Experts say that sexual harassment has to be discouraged at an organizational level to make that discouragement effective. If a company wants to stop sexual harassment, those in charge need to assess the culture they've created and then take action.
In other words, management has to step up to the plate and fire the harassers if they want the message to get through that sexual harassment isn't acceptable at any level within the company, whether it's coming from the janitor or a top-rated employee.
Unfortunately, some companies or organizations have top-rated employees, or "superstars," who seem to enjoy a special privilege that allows them to get away with acts of sexual harassment. This encourages others to try some of the same behavior -- and it discourages victims from reporting the behavior. Many victims believe that superstar employees get special privileges that allow them to act the way that they do.
The victims might be right in their assessment of the situation. A company or organization often has economic reasons for turning a blind eye to the behavior of a superstar employee. For example, managers may hesitate to fire a top-rated surgeon, salesman or investment broker who has a solid reputation among his or her patients, customers or clients. There's always a chance that many of those people will follow the fired employee to his or her next place of employment. If that source of revenue is gone, managers worry that the company can't survive.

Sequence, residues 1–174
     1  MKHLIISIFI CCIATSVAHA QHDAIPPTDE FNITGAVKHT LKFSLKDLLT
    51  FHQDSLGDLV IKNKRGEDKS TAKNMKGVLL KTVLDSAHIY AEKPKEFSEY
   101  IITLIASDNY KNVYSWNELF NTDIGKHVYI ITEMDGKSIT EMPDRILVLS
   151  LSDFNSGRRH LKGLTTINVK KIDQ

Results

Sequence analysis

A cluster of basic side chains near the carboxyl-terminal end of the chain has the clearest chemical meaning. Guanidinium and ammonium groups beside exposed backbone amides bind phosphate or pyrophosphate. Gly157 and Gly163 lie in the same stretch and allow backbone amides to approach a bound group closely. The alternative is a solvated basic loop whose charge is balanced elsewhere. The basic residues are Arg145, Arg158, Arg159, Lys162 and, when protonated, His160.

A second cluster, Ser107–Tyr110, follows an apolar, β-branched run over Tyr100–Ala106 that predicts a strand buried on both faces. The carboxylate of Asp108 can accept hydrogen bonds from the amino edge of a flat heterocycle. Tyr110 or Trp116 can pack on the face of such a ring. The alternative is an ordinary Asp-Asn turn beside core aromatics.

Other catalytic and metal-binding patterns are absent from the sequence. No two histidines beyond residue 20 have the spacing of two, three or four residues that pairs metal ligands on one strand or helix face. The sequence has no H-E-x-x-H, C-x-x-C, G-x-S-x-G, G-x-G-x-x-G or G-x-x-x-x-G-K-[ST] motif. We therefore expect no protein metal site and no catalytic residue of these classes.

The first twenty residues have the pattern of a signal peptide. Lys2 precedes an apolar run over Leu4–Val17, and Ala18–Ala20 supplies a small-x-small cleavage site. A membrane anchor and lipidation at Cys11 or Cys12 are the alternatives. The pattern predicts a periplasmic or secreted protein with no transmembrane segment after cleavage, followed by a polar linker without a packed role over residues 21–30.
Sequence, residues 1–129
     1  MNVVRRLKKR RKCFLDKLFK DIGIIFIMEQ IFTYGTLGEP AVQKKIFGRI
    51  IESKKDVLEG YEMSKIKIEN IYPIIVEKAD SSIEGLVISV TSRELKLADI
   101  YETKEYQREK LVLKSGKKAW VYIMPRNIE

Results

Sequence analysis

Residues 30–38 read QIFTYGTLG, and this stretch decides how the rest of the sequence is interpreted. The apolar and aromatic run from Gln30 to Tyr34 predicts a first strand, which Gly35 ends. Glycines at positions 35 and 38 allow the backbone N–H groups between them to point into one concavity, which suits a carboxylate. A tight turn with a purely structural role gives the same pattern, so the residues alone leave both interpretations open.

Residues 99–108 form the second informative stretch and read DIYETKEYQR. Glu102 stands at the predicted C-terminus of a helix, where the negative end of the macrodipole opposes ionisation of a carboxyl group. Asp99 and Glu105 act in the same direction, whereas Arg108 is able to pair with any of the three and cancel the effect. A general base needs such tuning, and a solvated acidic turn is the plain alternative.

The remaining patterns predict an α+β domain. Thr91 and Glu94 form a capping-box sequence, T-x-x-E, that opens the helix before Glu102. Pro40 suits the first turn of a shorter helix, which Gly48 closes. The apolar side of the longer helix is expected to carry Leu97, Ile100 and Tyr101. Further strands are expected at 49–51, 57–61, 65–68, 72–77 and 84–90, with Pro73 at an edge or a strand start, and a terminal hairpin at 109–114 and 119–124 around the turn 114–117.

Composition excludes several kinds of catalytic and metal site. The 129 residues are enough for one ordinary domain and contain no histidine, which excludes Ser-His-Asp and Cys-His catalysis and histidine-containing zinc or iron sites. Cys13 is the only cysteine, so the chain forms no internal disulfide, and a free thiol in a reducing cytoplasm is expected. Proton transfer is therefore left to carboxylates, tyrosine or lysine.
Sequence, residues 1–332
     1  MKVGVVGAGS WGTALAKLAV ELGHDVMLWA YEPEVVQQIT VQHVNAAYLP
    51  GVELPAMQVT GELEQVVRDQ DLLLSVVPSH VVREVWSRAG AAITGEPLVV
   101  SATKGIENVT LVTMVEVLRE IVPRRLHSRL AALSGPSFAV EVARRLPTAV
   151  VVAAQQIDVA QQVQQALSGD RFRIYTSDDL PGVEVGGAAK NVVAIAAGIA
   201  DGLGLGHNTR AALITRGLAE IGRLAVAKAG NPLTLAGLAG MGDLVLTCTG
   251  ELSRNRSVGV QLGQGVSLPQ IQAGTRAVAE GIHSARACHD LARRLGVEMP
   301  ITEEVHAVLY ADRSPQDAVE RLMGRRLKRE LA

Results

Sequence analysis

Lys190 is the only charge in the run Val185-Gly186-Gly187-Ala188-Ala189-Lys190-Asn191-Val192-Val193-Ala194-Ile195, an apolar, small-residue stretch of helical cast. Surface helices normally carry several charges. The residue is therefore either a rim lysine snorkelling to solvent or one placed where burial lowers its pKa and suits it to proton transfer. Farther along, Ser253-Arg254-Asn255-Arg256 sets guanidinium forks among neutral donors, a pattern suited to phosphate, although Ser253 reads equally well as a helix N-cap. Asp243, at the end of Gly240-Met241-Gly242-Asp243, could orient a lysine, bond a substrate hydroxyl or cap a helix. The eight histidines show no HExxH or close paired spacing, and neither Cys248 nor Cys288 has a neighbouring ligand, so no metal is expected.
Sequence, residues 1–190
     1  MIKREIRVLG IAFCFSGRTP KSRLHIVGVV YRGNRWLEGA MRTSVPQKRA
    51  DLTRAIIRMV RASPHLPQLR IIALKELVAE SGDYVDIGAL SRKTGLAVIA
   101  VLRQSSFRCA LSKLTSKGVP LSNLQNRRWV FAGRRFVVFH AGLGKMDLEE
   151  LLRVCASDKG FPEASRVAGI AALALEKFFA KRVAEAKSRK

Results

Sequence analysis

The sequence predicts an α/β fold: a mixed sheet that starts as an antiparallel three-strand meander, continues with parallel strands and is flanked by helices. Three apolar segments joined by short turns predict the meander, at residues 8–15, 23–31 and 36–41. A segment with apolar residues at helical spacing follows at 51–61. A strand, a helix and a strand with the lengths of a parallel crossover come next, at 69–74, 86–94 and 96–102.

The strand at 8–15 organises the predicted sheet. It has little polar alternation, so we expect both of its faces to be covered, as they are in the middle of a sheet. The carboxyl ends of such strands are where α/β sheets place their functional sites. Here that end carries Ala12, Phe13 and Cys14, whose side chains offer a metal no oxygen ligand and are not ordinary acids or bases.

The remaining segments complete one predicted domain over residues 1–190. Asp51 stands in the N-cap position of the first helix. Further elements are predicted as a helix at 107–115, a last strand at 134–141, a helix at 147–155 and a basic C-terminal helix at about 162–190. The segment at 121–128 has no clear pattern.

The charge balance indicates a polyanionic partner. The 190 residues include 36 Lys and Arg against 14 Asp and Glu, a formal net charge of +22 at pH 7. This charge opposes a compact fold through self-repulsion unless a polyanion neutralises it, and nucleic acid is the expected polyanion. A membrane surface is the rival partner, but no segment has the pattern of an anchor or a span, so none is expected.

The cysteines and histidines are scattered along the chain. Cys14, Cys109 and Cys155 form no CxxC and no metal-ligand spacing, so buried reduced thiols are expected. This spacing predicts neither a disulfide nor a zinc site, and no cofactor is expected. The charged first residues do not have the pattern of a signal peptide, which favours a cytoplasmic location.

That's a fallacy that companies and organizations would do well to understand. A study by the Harvard Business School found that the economic losses caused by a toxic superstar employee who engages in things like sexual harassment completely exceed whatever economic gains he or she brings. Other employees end up not producing as much as they can when they're dealing with a coworker whose superstar status allows them to act without consequences.
Firing the toxic superstar is better for the company or organization than many realize. Once other employees aren't afraid of being harassed and don't have to deal with the distractions caused by the harasser, their productivity increases, and their combined efforts can be twice as valuable as the contributions of the former superstar.
Is a superstar employee making your life miserable through acts of sexual harassment? If management doesn't address the issue, it's wise to ask an attorney for advice..
Source: EEOC.gov, "Facts About Sexual Harassment," accessed May 09, 2017